If we want to get better at having difficult conversations, we have to practice.
That idea is at the heart of “AKA Fathers/Sons,” a piece created by Harry Waters Jr, his son Jordon Waters, and Kevin “Kaoz” Moore.
The show, which they call a “performative conversation,” was developed out of their own conversations on sexuality, sex and masculinity.
“It’s about our remembering or revisiting the tension or dynamics of a conversation we had, or wish we had, or could have had with our fathers,” said Waters, sitting at a table at Bedlam Theatre before rehearsal.
“Historically, anything revolving around sexuality and particular sexual identity is not something we have a way of discussing in our communities because it’s taboo, traumatic,” Waters said, “but it’s so present, how could we not talk about it?”
When asked why the focus of the show is on men of color in particular, Waters — who teaches at Macalester College — replies, “I have witnessed more white students and colleagues who have had some conversation with their parents about sexuality, but in about 99 percent of families of color, it’s not a part of our experience.
“There are uncles and aunts in every family that no one talks about, and those people are not allowed to talk to the children because of ‘what might happen.’ We tend to embrace these things because we respect our elders, but sometimes our elders need a new lens.”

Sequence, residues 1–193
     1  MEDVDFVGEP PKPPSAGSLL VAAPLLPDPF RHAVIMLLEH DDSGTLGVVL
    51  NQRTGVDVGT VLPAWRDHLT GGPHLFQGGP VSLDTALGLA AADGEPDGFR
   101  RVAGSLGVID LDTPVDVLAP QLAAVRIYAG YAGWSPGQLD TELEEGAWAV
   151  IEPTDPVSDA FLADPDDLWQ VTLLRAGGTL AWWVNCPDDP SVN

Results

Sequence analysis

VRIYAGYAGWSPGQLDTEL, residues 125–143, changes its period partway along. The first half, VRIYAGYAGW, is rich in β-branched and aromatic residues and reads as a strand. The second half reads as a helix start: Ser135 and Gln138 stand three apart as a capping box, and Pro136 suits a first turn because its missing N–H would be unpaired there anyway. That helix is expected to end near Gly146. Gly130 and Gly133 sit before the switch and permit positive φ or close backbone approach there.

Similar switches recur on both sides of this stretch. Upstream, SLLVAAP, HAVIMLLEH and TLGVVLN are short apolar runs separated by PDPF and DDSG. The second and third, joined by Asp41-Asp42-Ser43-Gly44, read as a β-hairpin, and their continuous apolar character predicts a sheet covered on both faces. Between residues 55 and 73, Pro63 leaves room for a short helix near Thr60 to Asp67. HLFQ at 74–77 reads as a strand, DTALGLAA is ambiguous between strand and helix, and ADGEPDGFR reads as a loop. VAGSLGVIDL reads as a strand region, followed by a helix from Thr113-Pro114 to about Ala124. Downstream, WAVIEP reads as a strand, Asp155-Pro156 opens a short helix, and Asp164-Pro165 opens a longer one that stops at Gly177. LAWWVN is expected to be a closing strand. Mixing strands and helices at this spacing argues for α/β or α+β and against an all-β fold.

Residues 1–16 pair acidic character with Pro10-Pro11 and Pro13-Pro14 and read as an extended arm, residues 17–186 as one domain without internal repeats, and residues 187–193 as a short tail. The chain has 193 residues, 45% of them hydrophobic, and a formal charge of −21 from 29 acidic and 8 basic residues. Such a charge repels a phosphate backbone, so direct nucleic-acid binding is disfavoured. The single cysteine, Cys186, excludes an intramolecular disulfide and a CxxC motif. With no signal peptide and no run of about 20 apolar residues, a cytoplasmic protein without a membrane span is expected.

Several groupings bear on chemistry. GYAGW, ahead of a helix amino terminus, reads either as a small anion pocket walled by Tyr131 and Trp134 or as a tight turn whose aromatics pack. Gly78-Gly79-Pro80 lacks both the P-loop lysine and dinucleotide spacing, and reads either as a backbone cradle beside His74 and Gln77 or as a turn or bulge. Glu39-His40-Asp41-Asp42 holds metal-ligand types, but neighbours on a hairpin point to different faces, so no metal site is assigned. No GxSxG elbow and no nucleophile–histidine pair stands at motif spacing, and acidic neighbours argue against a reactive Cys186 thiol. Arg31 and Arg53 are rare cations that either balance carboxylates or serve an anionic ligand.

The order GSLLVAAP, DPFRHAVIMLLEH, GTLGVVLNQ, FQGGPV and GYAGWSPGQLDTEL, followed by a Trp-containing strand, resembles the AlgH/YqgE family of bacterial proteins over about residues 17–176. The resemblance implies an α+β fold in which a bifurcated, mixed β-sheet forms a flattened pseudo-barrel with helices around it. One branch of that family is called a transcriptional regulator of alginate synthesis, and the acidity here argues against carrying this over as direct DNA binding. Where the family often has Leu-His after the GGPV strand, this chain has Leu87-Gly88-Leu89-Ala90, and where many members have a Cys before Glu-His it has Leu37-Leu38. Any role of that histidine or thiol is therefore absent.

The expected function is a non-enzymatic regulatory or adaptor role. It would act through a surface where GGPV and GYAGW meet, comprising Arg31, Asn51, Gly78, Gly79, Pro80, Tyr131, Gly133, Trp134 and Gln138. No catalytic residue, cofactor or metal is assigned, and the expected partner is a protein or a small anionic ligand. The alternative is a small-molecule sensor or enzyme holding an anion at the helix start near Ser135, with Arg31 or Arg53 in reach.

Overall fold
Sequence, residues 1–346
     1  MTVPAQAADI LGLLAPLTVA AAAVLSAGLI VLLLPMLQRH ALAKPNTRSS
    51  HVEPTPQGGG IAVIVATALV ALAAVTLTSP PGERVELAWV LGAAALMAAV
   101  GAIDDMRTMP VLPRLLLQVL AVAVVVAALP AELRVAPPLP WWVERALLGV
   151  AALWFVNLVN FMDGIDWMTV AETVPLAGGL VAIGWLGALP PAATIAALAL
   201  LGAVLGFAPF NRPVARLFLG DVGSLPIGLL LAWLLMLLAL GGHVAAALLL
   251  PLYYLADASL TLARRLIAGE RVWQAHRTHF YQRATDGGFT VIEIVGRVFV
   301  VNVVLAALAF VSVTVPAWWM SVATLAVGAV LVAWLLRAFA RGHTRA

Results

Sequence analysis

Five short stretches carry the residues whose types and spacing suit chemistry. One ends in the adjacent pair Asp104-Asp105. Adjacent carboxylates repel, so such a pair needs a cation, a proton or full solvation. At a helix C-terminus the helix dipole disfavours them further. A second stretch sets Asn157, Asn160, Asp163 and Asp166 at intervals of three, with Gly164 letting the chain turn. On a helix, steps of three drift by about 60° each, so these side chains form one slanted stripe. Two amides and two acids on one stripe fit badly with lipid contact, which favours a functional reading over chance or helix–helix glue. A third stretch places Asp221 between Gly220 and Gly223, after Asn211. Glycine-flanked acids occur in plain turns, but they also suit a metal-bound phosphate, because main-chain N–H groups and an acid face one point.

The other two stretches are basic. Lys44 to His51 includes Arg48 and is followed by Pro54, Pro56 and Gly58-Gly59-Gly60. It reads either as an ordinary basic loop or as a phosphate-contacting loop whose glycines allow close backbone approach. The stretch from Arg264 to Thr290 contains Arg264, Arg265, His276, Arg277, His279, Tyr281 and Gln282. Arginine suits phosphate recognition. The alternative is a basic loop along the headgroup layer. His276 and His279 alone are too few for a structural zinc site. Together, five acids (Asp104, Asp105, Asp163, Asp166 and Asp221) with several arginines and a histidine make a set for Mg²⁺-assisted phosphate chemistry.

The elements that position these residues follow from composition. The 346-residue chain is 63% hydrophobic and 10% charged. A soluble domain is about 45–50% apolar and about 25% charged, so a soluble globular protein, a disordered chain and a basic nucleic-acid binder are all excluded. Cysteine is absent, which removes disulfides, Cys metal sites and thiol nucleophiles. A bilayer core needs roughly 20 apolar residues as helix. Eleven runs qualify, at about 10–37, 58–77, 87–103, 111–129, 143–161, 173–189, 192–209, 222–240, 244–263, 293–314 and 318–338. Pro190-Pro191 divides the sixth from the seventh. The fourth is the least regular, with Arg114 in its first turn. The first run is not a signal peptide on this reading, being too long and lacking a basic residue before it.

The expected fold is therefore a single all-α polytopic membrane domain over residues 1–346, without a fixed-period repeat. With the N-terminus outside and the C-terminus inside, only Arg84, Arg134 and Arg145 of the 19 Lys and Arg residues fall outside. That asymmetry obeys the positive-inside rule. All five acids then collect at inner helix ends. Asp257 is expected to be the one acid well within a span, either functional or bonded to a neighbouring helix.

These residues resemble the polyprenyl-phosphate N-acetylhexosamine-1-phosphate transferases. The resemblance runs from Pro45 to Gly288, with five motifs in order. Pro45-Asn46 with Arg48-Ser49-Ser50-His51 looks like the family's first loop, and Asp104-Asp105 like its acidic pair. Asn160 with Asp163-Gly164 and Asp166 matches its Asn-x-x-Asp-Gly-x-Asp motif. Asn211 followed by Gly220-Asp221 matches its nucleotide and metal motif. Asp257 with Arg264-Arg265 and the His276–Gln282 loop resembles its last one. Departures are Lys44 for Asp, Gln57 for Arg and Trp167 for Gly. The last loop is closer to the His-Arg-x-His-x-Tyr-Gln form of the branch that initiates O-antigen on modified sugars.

The show includes dance by Jordon Waters, and spoken word by Moore. Some evenings include a D.J. The audience also gets to play a part. “AKA: Fathers/Sons” has been in development for years, with performances at Queertopia, Trans Youth Support Network, Kulture Klub, and elsewhere.
Moore, who is an HIV educator in addition to rapper and playwright, says too often youth are getting their information about sex and sexuality on the streets or from pornography.
“Porn is so prevalent, that kids don’t have the conversations anymore, they just watch a video,” said Moore. “Sex becomes objectified and there’s no explanation or exploration of what it means. It becomes an act devoid of connection to our humanity, aggressive and impersonal.”
Moore says having support systems in place makes people less likely to put themselves at risk. Those support systems are founded in honest conversation.
The trio also explore generational differences. Harry Waters Jr says his 86-year-old father is only just now willing to recognize Waters’ partner of 14 years. But Harry’s son Jordon embraces his father’s sexuality, and is proud to be sharing the stage with him.
“Growing up with a gay father, the teasing never affected me,” said Waters. “At least I knew where my father was! And now with the younger generation there’s a gender blur – everything’s queer.”
Jordon points out that “AKA: Fathers/Sons” is not offering any answers, just presenting possibilities.
“We hope to provide inspiration to bridge those gaps, to have those conversations,” added Moore.
“How do we know how to do this unless we practice?” said Waters Jr. “There’s no solution, there’s just what’s next. Ultimately we’d like for this show to travel, because there are so many communities that would benefit from an opportunity like this.”